Boris Johnson has called for people to be “civil and kind” in political debates, despite repeatedly dismissing concerns about his own incendiary language.
The PM’s press secretary, Allegra Stratton, said life had been made “very unpleasant” for Conservative MPs during debates around free school meals.
And Mr Johnson is said to be concerned that an opposition day debate calling on the government not to cut Universal Credit might lead to “intimidation” of his MPs.
In a WhatsApp message to Tory MPs, Mr Johnson reportedly compared the abuse doled out to Tories online to events “across the Atlantic.”
Asked about the remarks, Ms Stratton admitted: “It’s clearly not like the storming of the Capitol.”
But she said: “The PM is urging everybody … to be civil and kind to each other when debating matters that clearly matter greatly and passionately not just to parliamentarians but to people up and down the country.”
In 2019 Prime Minister was broadly criticised for referring to a bill to extend the Brexit deadline as the “Surrender Act”.
In similar debates around Brexit, the PM referred to “betrayals” and “frustrating the will of the people” in response to scrutiny of the Brexit process.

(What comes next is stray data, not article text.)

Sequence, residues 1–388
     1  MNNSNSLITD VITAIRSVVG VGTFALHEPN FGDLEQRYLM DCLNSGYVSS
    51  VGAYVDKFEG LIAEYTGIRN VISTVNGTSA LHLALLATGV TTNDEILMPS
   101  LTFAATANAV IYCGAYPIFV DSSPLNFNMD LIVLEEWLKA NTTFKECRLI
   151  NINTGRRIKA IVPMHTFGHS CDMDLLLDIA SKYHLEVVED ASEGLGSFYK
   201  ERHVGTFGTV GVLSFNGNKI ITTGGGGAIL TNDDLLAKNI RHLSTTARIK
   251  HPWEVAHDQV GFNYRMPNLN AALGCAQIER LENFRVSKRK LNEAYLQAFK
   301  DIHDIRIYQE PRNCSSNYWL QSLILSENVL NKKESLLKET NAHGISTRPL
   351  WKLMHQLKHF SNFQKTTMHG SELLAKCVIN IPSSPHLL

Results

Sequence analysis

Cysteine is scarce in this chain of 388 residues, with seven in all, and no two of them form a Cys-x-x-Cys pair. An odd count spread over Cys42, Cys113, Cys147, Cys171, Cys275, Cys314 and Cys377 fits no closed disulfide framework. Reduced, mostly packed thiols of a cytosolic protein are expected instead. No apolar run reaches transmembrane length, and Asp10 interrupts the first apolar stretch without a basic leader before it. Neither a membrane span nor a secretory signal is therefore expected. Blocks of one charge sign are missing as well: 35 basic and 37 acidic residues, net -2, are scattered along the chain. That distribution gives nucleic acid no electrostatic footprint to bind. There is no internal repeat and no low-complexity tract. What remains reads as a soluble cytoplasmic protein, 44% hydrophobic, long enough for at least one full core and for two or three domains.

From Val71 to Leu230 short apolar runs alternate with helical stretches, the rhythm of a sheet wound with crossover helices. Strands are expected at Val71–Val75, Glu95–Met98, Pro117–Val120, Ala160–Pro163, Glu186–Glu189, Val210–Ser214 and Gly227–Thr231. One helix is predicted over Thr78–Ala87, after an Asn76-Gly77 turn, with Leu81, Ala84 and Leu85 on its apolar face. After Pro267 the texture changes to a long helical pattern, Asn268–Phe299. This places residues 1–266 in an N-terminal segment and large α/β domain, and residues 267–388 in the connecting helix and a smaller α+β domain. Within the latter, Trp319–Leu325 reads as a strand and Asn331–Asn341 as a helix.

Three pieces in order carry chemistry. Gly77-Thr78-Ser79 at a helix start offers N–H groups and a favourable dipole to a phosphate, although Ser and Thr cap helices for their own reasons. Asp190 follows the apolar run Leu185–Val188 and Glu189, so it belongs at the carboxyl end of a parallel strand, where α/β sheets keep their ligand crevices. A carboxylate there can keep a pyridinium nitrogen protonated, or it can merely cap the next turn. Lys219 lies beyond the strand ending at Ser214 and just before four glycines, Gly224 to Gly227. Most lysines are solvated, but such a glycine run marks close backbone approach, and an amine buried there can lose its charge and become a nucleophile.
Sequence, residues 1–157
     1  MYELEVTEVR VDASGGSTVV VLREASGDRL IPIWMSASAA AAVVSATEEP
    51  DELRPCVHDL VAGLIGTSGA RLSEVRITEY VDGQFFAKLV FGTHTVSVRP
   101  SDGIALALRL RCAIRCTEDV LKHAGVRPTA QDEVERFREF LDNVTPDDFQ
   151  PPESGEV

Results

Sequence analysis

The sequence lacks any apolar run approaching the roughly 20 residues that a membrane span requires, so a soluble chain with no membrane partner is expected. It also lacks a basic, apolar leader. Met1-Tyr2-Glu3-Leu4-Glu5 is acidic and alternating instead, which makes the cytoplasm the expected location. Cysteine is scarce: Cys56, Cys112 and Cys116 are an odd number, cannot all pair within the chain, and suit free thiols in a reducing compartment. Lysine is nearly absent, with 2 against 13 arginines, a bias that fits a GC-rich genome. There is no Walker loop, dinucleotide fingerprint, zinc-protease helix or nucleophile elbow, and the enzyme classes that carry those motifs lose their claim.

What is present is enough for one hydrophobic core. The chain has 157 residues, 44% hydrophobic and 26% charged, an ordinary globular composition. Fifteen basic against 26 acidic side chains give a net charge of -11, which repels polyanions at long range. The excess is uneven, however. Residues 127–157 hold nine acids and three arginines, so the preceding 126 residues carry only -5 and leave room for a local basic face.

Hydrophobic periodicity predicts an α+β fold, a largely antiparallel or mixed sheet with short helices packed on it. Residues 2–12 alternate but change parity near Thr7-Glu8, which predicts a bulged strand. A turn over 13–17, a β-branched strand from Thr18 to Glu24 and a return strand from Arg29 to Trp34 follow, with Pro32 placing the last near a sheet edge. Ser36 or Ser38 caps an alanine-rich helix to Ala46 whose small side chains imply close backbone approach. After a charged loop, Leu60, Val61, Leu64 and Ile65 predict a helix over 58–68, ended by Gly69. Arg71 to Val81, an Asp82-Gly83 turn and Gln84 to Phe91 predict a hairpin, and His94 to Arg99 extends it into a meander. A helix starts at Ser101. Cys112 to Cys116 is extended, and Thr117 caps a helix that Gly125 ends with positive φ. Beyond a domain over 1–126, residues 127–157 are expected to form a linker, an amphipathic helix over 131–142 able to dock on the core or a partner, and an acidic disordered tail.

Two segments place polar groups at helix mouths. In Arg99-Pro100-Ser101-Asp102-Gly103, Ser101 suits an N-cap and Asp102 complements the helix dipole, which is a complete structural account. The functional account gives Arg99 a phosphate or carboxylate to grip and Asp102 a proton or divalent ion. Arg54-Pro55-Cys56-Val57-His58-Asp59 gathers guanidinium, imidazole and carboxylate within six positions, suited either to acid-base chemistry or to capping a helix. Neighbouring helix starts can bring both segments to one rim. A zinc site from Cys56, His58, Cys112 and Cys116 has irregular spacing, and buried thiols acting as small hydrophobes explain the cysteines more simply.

But when Labour MP Paula Sherriff told Mr Johnson she had received death threats using the same language as the PM, he dismissed it.
“I have to say that I have never heard such humbug in all my life,” he said.
He later told Tracy Brabin, who was elected to replace murdered MP Jo Cox that the best way to “honour the memory of Jo Cox and to bring this country together is, I think, to get Brexit done.”
He also referred to Theresa May’s Brexit deal as a “suicide vest” – something one Tory minister said at the time was the most “disgusting moment” he’d seen in British politics.
Mr Johnson has repeatedly refused to apologise for racially and culturally insensitive comments, which reportedly led to intimidation of minority communities.
Monitoring group Tell Mama said the number of anti-Muslim abuse incidents jumped by 375% following a column written by Mr Johnson in which he said women who wear face veils looked like “letterboxes” and “bank robbers”.
Mr Johnson defended the comments, saying he wanted to live in a “culture that allows people to speak frankly and doesn’t convict them of malice aforethought.”
Asked whether Mr Johnson’s plea for civil discourse applied to Communities Secretary Robert Jenrick referring to people as “woke warriors” and “baying mobs”, the Prime Minister’s official spokesman declined to answer.
Mr Jenrick’s comments referred to new laws planned to block the removal of statues of racists and slave owners.
The Spokesman said: “I point you back to his words. We have set out the details of the policy we are introducing, specifically the fact that we believe it is important that we can educate future generations about British history.”